One Democratic Secular State for all its citizens in Israel and Palestine

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    Posted June 2, 2010 at 12:11 am

    How a West Bank “state” could be treated just like Gaza

    The Mavi Marmara events have eclipsed, for now, the so-called Peace Process, the West Bank, the Wall and the Settlers. The Process has survived 20 years of wars, invasions, sieges, assassinations etc so it can also survive a murderous attack in international waters on unarmed ships of another sovereign nation carrying civilians and aid.

    The Palestinian Authority went into hiding behind an announcement of three days of mourning, hoping no-one will tell them to withdraw from the talks. Meanwhile they practised statecraft by deploying police against angry demonstrators.

    At the UN Security Council, all the countries trying to condemn Israel agreed to pass a castrated resolution dictated by America, rather than stating their position and leaving the US to expose itself by using its veto. So no change there.

    The Mavi Marmara outrage will not seriously derail the Two State “process”. But will the “process” ever arrive at a destination?

    The Gaza blockade, and Israel’s violent defence of it, was a dramatic pre-vision of what the West Bank heartland of a permanent Palestinian mini-state can expect.

    For behind the scenes the biggest issue is not the settlements, or the border positions, but quite a different agenda to do with the rights of any Palestinian state. So even if Israel by some miracle offered to remove every settler and withdraw behind the 1967 boundaries, the Palestine that would result would be just as vulnerable as Gaza has been.

    In a recent paper for al-Shabaka, the Palestinian Policy Network (see Documents), Camille Mansour highlights the kind of demands that even a moderate Israeli negotiating position would make. These would utterly negate crucial Palestinian sovereignty on issues such as alliances, air space, crossings, borders and the military posts that Israel wants within the West Bank.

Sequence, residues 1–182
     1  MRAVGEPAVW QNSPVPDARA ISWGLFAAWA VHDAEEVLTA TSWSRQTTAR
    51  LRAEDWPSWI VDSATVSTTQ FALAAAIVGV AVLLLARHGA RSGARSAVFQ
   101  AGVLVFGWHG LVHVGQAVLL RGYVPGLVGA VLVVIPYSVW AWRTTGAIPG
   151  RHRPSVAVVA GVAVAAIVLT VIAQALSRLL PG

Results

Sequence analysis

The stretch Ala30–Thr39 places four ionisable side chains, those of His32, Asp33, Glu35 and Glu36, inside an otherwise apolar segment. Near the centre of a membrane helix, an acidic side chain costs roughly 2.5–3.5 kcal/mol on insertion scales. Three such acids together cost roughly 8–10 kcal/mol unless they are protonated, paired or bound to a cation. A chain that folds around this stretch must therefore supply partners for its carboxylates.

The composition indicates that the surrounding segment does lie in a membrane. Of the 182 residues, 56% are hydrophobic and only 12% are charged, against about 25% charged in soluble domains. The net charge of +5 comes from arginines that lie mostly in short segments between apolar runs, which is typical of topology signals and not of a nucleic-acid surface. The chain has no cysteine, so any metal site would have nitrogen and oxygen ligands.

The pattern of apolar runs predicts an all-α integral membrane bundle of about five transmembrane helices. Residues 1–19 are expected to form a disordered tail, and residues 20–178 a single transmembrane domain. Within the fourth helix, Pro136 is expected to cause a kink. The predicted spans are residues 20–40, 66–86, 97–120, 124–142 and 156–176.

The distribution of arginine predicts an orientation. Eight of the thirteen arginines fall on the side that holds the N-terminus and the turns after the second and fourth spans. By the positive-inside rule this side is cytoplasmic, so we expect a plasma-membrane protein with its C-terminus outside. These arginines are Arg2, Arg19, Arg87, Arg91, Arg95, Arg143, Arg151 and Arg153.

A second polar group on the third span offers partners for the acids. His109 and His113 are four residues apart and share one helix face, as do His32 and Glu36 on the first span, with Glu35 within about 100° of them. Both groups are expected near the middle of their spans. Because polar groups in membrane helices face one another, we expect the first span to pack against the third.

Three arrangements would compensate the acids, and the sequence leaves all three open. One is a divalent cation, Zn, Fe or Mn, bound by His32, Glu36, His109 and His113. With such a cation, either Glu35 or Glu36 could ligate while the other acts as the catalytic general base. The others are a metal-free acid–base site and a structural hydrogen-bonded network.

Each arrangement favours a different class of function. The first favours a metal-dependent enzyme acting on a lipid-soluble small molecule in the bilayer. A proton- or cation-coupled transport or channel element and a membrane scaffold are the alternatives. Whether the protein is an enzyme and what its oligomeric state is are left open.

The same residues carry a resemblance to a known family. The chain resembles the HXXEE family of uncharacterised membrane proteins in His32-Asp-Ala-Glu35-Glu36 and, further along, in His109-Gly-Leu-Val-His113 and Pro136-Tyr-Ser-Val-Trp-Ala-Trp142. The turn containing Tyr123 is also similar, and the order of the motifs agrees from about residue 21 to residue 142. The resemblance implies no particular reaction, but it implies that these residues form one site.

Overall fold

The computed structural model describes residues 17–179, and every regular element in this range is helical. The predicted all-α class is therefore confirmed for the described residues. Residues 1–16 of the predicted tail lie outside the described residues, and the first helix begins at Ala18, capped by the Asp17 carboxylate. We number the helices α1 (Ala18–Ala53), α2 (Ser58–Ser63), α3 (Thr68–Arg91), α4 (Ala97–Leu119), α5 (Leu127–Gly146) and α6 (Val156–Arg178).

As in Gaza, it would be done under cover of security. But once in place such arrangements would put a life-threatening stranglehold around and within the West Bank that would be every bit as tight as the one around Gaza.

    Any sort of security incident (real, imagined or manufactured), any election result or foreign alliance that Israel could call hostile, any statement or speech that “de-legitimised” Israel, any call for a boycott, any damage to the wall, any harbouring of a fugitive from Israel’s repressive laws, could bring punitive action, a hold-up of essential supplies, and military incursions, no doubt accompanied by outrageous assertions which will halt international criticism in its tracks.

    In this Two State “peace”, Israel will almost certainly demand the right to

    * prohibit a Palestinian state joining any alliance, especially mutual defence treaties: Palestine would be left to face attack alone;

    * give Israel’s army and police the right to  “hot pursuit” into Palestinian territory, a great pretext for smash and grab raids;

    * keep Israeli sovereign control of any highway, railway, bridge or tunnel linking Gaza and the West Bank, so it can be closed off in a matter of seconds;

    * scrutinise, search and control (and delay) all people and cargo at Palestinian land, sea and air terminals

    * keep high-tech “observation” and listening posts along the Jordan valley, supposedly temporary, which would allow it to spy on and launch attacks against third party states to the east of Palestine; such posts would entail a web of military access roads for personnel, maintenance, supplies etc.

    * inspect suspicious ships approaching Gaza whether on the high seas or on Palestinian territorial waters (and we’ve just seen how they go about such “inspections”);

    * total control of Palestinian airspace: cue military helicopters, drones, bombers etc.

    * “emergency” use of Palestinian airspace and roads to conduct military activities against other countries.

    If PA negotiators agreed any of this it would be the end of any hopes that the Palestinian people would have a single grain of self-determination. If they refuse, Israel will agree to no separate Palestinian state of any sort.

    So how does the Gaza Flotilla outrage affect One Democracy?

    It surely makes One Democracy more important than ever. The more vicious, self-righteous and unsustainable Israel’s sick regime becomes, the clearer it becomes that to leave it as constituted is to invite endless trouble and poison for the whole region around it.

    Within Israel, the event will polarise opinion, disgust those who don’t buy the official line, and make them more eager to scrap the whole Jewish majority state model and make a fresh start. Sadly the danger is that many Palestinians who were willing to make the effort at reconciliation will be so repelled by the violence and the lies that they will give up in despair. If this doesn’t happen, it will be thanks to the brave people of the Free Gaza flotilla and the spirit of internationalism that is fighting to break the Gaza siege.

    One Democracy is the goal that accords with this spirit and can make its values into a permanent way of life.


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